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DragonFly kernel List (threaded) for 2003-07
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Re: token passing & IPIs

From: Andi Kleen <ak@xxxxxx>
Date: Fri, 18 Jul 2003 01:51:07 +0200

Thanks for the answers.

On Thu, Jul 17, 2003 at 12:46:59PM -0700, Matthew Dillon wrote:
>     The key to using an IPI properly is to use it asynchronously whenever
>     possible... that is, to not have to wait for a reply to your IPI message.

You will eat a lot of overhead from the interrupt processing
when receiving one on the target CPU. You can probably make it a fast path
(handler in pure assembler etc.), but it still will be somewhat costly.

Just take a look at the pseudo code of "INT" in the Intel manual.
It's several pages. Processing that just must be slow. And it even
includes several locked cycles on the bus (IDT/GDT accesses are normally

>     Well, I disagree somewhat on locks not being avoidable.  Consider the
>     case where you have two entirely independant machines operating in a
>     cluster.  These machines obviously do not have to get low level locks
>     to protect each from the other, mainly because each machine has its
>     own entirely independant set of caches.

But they do not present a single image neither.

If they have the same / every time you have a path name that starts
with / you have to read lock the root inode and the cache where it is
stored somehow. The same applies to other often accessed file objects.

Unix unfortunately has some shared data by design that cannot be easily split.

You could avoid the problem of shared root by using plan9 like name spaces,
but that would be quite a radical design change and may not be very nice
for the user.

As long as you have a single name space you need some amount of
synchronization because there is single shared data.

>     This implies that it is possible to implement caching algorithms which
>     are far more aware of an MP environment and make better use of per-cpu
>     caches (which do not require locks), possibly even to the point of
>     duplicating meta-data in each cpu's cache.

You are probably refering to McVoy's cc/cluster concept here. But even
that requires some amount of synchronization, e.g. for the single
file name space.

>     Take a route table for example.  Traditionally you lock a route table up
>     by obtaining a global mutex.  But what if you duplicated the entire
>     route table on each cpu in the system?  If the route table is a bottleneck
>     in an MP system and only eats, say, 1MB of ram, then eating 8MB of ram
>     on an 8cpu system with 8G of ram is not a big deal, and you suddenly have
>     an entirely new situation where now route table lookups can be performed
>     without any locking whatsoever at the cost of making route table updates
>     (which have to be sent to all cpus) more expensive.  But if you are

Most modern TCPs allocate new routes on the fly to save path MTU discovery
data. You don't want to do that duplication for each new connection.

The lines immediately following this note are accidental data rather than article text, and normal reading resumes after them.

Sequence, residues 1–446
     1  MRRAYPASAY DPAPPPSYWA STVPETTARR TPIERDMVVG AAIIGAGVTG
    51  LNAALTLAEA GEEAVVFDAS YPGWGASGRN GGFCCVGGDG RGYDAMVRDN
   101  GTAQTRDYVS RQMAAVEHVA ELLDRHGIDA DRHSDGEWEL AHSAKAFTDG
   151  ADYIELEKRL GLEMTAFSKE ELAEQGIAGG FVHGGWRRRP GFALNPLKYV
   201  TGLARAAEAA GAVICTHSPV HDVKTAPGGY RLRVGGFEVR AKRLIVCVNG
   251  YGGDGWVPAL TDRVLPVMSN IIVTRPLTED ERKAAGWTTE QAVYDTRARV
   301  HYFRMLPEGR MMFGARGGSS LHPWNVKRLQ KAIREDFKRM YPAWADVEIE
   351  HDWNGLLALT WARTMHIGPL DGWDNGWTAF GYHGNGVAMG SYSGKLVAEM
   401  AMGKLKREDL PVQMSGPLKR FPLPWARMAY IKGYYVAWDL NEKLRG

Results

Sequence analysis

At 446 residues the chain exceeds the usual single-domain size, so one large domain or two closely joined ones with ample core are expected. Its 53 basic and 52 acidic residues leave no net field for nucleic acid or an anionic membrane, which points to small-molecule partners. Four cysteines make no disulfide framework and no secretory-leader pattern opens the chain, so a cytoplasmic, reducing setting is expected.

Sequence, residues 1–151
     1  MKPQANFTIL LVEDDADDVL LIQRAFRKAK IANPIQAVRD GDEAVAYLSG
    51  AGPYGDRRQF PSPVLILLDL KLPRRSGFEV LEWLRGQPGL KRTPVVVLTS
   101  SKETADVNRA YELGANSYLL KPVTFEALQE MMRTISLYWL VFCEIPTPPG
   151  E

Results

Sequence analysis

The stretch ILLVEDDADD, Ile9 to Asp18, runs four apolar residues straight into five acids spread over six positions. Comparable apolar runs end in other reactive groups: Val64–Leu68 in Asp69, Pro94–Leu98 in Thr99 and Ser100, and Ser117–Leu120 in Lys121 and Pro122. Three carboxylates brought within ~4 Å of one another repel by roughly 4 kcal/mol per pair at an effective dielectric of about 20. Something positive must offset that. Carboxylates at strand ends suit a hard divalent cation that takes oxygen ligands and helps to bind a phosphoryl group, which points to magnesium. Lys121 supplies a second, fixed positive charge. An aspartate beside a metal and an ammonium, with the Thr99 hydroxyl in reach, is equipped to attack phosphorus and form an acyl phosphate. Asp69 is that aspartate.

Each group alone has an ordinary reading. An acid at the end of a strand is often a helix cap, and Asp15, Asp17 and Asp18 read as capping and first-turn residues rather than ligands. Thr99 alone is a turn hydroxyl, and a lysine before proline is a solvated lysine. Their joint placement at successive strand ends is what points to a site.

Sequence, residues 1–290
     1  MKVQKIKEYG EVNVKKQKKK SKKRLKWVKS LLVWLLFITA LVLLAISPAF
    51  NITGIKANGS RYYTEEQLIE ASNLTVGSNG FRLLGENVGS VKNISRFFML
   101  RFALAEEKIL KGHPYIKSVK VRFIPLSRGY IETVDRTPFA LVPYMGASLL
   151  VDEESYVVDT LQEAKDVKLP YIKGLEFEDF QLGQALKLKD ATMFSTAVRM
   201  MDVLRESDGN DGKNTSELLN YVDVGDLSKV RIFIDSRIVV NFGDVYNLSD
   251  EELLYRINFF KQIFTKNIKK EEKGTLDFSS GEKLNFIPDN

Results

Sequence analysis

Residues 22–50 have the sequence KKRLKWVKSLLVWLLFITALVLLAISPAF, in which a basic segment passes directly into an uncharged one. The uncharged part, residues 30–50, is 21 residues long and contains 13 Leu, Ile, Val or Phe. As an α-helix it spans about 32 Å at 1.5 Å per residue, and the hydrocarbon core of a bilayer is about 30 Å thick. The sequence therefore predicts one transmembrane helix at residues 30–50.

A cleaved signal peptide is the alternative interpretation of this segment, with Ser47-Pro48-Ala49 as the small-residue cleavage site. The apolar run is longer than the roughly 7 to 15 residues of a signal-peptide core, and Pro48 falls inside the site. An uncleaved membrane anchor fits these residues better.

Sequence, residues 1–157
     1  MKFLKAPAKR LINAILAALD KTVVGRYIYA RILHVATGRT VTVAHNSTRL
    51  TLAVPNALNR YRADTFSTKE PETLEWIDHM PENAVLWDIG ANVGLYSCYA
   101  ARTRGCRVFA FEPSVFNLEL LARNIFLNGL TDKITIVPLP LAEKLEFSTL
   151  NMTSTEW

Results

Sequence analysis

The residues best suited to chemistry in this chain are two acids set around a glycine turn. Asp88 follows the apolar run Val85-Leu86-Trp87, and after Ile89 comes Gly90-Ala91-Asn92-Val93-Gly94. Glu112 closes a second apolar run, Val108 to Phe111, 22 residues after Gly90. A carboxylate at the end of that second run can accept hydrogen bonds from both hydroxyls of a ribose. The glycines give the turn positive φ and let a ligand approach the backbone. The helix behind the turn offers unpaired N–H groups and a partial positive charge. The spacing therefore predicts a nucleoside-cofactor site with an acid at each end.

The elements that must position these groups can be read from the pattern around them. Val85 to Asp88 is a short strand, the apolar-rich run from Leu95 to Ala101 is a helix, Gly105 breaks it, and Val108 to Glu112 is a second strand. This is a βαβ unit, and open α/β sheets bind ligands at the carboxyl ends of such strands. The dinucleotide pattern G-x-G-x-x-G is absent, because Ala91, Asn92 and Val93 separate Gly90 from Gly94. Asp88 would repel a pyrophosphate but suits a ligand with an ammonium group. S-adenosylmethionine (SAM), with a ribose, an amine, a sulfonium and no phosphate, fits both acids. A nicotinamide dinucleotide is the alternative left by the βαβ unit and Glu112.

In theory you could save that information per CPU, but it may not
be a very good trade off because sending packets with the wrong MTU
can very costly in performance.

Read-Copy-Update might be a better solution for routing tables than 
duplication, but it is probably still too slow.

Another  example would be the local ports hash table of your UDP and TCP.
You could try to split it per CPU, but it would limit the user
unduly (The 16bit TCP/UDP port space is a very limited resource, limiting
it more than 16bits would be not very nice).

Or the IPID is also a common issue - normally single global variable

[I did implement a "cookie lair" for one stack where it allocates
the IDs in batches and saves them per CPU, but it has the nasty side effect
that it makes the 16bit IPID space deplete faster, making it more
likely that you get data corruption over fragmented NFS when the ipid
wraps at Gigabit speeds]

Or a queue for a single listen socket. Often big boxes only listen
on one port (like port 80). It is often updated, duplication would
be rather slow.

I fear even with radical system redesign (one nice example for that
is the K42 research OS) you will still have plenty of "hot"
data structures to manage and protect. And that requires efficient
locking primitives.

>     VM Objects and other infrastructure can be worked the same way, or worked
>     in a hybrid fashion (e.g. only duplicate VM objects for threaded processes,
>     for example).

Just hope that you don't have an multithreaded application that uses
all CPUs with a single address space then.

Another related issue would be swapping. Sometimes it's a good idea
to have an asynchronous swapper on another CPU clean up/age your
address space, which you're working in it (it already costs IPIs
for the remote TLB flushes, but that's a different issue). For that
you also need a reasonable cheap way to access the data structures
of the object that may be also used on the other CPU.  

>     Well it isn't written yet, but yes, it will just do something like an
>     INT 0x80.  You can't really fast-path user<->kernel transitions, you

SYSENTER would be much faster on modern x86.


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